Waitrose & Partners' Parent Sees 99% Slump In First Half Profits

Lloyd Doyle
September 15, 2018

"It is especially so this half year", Sir Charlie added, "driven mainly by John Lewis & Partners where gross margin has been squeezed in what has been the most promotional market we've seen in nearly a decade".

In the retailer's interim half-year financial report, which also included Waitrose results, the firm showed a 99% drop in profits in the first six months of 2018, in comparison with the same period a year ago.

The owner of the department store chain and Waitrose supermarkets had warned in June that its half-year profits would be obliterated.

That was despite gross sales rising 1.6% to nearly £5.5bn.

"It's rather easy for a business to blame Brexit and the politicians rather than take responsibility for their own situation".

"We expect profit growth in Waitrose & Partners will be offset by the continuing margin pressure in John Lewis & Partners and by incremental costs of investment".

Waitrose profits were also down, falling 12.2% to £96.4m in the first half despite a 2.1% rise in sales to £3.4bn. Rival House of Fraser fell into administration and is not the only retail chain to have succumbed to the huge pressures faced by businesses in the sector.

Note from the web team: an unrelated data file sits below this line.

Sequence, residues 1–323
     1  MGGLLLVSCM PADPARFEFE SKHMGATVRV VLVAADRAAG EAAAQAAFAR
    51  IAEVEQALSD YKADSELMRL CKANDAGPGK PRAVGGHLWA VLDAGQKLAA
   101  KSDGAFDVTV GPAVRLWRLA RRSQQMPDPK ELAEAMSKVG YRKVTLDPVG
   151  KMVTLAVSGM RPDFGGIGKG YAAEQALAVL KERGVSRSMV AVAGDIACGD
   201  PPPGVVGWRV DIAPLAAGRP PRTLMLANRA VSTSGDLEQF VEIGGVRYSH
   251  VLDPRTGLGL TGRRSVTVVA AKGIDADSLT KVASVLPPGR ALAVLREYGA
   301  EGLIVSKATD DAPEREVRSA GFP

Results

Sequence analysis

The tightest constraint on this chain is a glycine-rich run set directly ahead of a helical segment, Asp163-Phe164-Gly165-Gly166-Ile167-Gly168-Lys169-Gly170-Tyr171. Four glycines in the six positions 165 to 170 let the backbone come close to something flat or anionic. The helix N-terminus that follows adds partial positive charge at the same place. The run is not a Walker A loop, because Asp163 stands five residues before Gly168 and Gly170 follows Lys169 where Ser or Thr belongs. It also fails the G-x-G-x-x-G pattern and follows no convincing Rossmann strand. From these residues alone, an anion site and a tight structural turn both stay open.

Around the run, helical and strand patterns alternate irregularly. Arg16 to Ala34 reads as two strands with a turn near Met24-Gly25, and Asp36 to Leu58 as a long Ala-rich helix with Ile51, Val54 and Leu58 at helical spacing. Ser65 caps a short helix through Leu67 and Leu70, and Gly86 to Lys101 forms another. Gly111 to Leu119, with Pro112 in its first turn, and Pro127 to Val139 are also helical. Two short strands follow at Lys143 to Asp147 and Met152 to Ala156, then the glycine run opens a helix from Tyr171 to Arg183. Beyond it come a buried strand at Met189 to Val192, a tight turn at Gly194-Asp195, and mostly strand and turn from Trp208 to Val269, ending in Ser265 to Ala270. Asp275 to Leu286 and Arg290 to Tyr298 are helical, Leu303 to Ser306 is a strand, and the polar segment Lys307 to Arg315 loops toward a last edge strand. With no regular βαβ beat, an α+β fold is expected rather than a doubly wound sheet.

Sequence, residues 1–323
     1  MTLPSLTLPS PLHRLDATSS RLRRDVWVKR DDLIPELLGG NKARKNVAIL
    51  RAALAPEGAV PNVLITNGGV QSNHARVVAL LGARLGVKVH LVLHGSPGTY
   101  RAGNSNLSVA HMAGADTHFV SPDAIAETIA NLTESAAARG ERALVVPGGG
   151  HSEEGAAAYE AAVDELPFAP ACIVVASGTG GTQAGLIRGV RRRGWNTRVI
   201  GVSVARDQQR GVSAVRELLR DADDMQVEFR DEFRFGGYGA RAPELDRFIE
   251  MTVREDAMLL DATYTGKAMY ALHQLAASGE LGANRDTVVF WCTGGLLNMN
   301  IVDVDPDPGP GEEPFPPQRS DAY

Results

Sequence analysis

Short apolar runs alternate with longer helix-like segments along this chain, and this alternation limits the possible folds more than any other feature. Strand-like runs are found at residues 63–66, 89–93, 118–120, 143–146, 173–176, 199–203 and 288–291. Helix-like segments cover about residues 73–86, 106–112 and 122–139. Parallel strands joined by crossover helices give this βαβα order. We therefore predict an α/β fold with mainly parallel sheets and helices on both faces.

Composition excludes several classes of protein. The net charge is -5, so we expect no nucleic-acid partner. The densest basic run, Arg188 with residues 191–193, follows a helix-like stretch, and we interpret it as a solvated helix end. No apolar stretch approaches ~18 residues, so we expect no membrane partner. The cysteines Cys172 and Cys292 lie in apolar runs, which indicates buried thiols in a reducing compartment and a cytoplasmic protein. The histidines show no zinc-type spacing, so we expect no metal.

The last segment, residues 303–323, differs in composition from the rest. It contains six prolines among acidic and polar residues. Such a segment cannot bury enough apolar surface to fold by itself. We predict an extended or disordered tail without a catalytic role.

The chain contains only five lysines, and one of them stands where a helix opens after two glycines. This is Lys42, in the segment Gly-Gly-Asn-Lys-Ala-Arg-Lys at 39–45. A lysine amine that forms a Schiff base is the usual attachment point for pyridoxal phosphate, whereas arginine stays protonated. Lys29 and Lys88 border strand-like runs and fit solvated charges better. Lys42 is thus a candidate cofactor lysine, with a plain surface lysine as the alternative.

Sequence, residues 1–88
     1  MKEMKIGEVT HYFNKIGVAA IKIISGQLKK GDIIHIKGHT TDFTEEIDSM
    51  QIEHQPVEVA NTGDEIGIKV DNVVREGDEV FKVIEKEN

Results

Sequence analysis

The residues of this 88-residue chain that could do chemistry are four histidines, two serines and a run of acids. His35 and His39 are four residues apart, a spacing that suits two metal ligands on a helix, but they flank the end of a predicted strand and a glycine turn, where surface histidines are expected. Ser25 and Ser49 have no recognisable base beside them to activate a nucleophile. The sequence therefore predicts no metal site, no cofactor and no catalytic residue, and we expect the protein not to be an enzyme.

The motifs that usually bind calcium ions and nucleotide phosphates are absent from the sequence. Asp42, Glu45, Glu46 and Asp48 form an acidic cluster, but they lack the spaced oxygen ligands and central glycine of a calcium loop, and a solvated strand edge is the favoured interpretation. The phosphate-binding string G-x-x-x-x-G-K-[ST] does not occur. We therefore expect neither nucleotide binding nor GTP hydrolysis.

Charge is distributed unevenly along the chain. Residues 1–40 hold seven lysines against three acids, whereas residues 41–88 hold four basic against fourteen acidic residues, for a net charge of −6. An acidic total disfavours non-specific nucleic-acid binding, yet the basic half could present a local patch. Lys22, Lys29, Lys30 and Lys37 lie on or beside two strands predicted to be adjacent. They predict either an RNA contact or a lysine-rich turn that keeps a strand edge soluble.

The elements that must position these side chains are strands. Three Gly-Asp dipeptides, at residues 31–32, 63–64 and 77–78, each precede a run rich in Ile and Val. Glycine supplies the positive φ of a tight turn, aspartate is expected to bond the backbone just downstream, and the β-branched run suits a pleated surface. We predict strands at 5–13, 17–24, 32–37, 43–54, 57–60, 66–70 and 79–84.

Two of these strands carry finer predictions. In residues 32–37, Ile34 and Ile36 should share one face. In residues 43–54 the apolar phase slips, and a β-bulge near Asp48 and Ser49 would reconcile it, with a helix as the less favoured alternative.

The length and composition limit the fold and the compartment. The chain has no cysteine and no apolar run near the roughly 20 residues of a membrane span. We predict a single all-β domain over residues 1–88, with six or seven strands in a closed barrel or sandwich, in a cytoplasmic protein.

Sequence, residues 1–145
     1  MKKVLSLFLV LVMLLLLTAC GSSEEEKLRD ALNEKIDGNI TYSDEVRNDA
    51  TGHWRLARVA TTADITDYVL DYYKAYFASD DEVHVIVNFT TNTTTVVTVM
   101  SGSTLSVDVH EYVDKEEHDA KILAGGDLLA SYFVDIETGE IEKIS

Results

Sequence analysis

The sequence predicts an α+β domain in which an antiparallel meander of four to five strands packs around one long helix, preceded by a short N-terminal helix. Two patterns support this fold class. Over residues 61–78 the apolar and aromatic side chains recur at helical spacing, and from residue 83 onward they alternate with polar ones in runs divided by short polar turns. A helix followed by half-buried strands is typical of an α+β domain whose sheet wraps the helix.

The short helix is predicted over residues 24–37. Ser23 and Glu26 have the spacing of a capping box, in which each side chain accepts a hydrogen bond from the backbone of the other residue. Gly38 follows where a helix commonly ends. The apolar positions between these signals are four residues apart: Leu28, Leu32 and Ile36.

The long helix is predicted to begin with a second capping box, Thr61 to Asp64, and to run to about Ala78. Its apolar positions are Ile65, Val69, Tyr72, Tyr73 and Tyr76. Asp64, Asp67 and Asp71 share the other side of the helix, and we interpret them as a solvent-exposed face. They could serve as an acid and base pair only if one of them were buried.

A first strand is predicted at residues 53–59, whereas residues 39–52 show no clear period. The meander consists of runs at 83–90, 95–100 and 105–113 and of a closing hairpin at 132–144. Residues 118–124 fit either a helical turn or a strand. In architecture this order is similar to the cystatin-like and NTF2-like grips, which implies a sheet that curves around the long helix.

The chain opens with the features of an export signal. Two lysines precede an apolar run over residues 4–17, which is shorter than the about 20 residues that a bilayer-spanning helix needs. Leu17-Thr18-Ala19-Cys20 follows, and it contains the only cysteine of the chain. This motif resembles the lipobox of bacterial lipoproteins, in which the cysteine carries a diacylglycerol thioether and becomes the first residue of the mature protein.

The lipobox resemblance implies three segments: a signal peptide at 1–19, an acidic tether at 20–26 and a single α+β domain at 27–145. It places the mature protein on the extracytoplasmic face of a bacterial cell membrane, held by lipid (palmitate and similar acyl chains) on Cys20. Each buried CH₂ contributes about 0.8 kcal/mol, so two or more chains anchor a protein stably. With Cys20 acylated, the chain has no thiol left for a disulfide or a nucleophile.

Fenwick and Debenhams (Frankfurt: D2T.F - news) are among others facing fierce headwinds.


Chairman Charlie Mayfield said discounting was at the highest level for a decade, and the number of across-the-board promotions by struggling rivals had doubled year-on-year.

"This is reflected in both brands continuing to grow sales and customer numbers, and our total net debts reducing".

Looking ahead, John Lewis said it expected full-year profits to be "substantially lower than last year" for the group, although the level of uncertainty facing consumers and the economy, in part due to ongoing Brexit negotiations, meant forecasting was particularly hard.

"The pressure on gross margin has predominantly been from our commitment to maintain price competitiveness".

John Lewis's 50 department stores and home shops made an operating loss before exceptionals of 19.3 million pounds, hit also by a decision not to pass on all the cost inflation from a weaker pound, it said.

Commenting on the figures Russ Mould, investment director at AJ Bell, said: "A decade or so ago, John Lewis was the envy of the retail world with tens of thousands of staff picking up generous bonuses on the back of rising profits".

"Profit margins have been hit by the need to cut prices to stay competitive".

He added that Waitrose would not be able to stockpile goods in case food deliveries from the European Union were interrupted, adding: "It rots, and you waste it".

Other reports by Iphone Fresh

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